• Regularly scan your computer for spyware.
    Spyware or adware hidden in software programs may affect the performance of your computer and give attackers access to your data. Use a legitimate anti-spyware program
    (eg Malwarebytes) to scan your computer and remove any of these files. Many anti-virus products have incorporated spyware detection.
  • Keep software up to date.
    Install software updates (also called patches) so that attackers cannot take advantage of known problems or vulnerabilities. Many operating systems offer automatic updates. If this option is available, you should turn it on.
  • Evaluate your software’s settings.
    This can get a bit technical. If it does, please feel free to contact us for help. The default settings of most software enable all available functionality, often not all needed. Unfortunately, attackers may be able to take advantage of this functionality to access your computer. It is especially important to check the settings for software that connects to the internet (browsers, email clients, etc.). Apply the highest level of security available that still gives you the functionality you need.
  • Avoid unused software programs.
    Do not clutter your computer with unnecessary software programs. If you have programs on your computer that you do not use, consider uninstalling them. In addition to consuming system resources, these programs may contain vulnerabilities that, if not fixed with the latest version, may allow an attacker to access your computer. Think before you download programs on a whim.
    Laptop makers and the Windows operating system are guilty of planting software that you don’t need on your computer to help their profits. Speak to us before you buy your laptop in order to avoid this.
  • Consider creating separate user accounts.
    Again this may seem a bit geeky. We are here to help if it does. If there are other people using your computer, you may be worried that someone else may accidentally access, modify, and/or delete your files. Most operating systems (including Windows, Mac OS X, and Linux) give you the option of creating a different user account for each user, and you can set the amount of access and privileges for each account. You may also choose to have separate accounts for your work and personal purposes. While this approach will not completely isolate each area, it does offer some additional protection. However, it will not protect your computer against vulnerabilities that give an attacker administrative privileges. Ideally, you will have separate computers for work and personal use; this will offer a different type of protection. It is not a good idea to give yourself Administrative Privileges.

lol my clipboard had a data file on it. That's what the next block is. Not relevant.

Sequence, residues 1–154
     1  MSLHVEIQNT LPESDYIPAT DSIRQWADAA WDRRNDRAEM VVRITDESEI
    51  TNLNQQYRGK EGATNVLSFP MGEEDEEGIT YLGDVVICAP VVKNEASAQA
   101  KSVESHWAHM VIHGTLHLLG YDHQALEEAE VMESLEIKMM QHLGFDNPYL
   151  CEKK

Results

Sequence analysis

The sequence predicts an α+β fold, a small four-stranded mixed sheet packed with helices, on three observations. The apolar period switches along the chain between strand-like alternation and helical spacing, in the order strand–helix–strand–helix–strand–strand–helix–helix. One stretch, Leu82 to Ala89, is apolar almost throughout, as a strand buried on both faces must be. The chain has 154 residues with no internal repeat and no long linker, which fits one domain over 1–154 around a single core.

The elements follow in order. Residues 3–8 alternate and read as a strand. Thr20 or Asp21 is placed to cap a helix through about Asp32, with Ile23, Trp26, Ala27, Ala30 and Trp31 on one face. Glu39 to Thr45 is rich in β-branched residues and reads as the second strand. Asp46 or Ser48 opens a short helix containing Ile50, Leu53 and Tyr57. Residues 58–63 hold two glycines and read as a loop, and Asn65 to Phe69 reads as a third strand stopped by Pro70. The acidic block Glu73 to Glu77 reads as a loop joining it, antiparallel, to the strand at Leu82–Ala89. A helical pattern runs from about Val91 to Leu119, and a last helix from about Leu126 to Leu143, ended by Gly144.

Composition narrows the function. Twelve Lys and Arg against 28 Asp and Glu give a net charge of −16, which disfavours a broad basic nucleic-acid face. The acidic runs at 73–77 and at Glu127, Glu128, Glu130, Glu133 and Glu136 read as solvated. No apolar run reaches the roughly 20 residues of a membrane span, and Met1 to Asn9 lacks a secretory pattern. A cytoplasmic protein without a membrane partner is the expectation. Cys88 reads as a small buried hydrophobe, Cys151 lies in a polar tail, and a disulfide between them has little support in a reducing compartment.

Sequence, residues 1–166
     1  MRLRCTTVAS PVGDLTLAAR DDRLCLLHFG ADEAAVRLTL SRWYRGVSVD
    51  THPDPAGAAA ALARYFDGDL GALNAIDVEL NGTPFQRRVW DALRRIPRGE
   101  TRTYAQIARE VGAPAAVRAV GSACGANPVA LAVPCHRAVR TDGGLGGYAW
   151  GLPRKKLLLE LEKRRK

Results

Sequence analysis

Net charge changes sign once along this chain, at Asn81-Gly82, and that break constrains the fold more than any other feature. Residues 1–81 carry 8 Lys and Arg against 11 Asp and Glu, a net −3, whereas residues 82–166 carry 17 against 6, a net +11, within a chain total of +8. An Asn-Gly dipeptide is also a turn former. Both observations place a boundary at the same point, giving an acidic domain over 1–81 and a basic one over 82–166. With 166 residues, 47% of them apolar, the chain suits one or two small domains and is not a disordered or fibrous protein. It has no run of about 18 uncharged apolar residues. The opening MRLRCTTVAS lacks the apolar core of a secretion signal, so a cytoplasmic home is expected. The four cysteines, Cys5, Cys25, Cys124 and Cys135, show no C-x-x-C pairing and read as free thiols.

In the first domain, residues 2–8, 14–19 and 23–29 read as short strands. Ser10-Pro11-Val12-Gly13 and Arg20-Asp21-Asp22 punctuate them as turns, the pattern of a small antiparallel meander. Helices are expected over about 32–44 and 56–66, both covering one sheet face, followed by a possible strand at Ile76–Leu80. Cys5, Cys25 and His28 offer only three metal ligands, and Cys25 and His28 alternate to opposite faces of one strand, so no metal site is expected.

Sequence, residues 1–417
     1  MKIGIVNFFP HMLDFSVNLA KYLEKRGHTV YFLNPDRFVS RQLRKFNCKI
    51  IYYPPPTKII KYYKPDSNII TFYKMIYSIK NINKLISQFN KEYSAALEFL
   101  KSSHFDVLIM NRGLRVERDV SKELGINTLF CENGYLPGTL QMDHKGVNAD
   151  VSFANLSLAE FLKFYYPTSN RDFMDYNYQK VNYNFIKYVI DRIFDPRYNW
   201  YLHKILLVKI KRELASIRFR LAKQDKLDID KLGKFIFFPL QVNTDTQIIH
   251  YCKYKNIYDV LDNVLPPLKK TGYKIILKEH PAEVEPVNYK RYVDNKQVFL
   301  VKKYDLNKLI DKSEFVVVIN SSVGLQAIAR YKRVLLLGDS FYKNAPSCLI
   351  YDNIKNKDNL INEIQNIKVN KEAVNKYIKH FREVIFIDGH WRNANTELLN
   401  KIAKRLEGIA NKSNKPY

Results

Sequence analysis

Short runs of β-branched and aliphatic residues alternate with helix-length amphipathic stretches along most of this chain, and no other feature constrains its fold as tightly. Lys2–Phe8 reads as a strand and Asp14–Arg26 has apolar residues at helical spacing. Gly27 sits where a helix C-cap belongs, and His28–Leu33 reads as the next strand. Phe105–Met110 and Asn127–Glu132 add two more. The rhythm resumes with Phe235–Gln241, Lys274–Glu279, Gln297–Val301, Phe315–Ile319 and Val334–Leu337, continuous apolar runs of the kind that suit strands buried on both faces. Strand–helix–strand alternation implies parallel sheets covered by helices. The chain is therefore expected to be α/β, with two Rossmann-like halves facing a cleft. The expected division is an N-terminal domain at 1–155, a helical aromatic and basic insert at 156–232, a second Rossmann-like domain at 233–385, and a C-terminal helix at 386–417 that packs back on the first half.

• Establish guidelines for computer use.
    If there are multiple people using your computer or computer network, make sure they understand the risks and how to use the computer and internet safely. Setting boundaries and guidelines will help to protect your data. Help your staff stay safe by giving them some basic training. We can help with this too.
  • Use passwords and encrypt sensitive files.
    Passwords and other security features add more layers of protection if used appropriately. By encrypting files, you ensure that unauthorized people can’t view data even if they can physically access it. You may also want to consider options for full disk encryption, which prevents a thief from even starting your laptop without a pass-phrase. (Note: When you use encryption, it is important to remember your passwords and pass-phrases; if you forget or lose them, you may lose your data.)
  • Follow corporate policies for handling and storing work-related information.
    If you use your computer for work-related purposes, be sure to follow any corporate policies for handling and storing information. These policies were likely established to protect proprietary information and customer data, as well as to protect you and the company from liability. Even if it is not explicitly stated in your corporate policy, you should avoid allowing other people, including family members, to use a computer that contains corporate data.
  • Dispose of sensitive information properly.
    Simply deleting a file does not completely erase it. To ensure that an attacker cannot access these files, make sure that you adequately erase sensitive files. US Dept. Of Defence Level 7 is recommended for important stuff.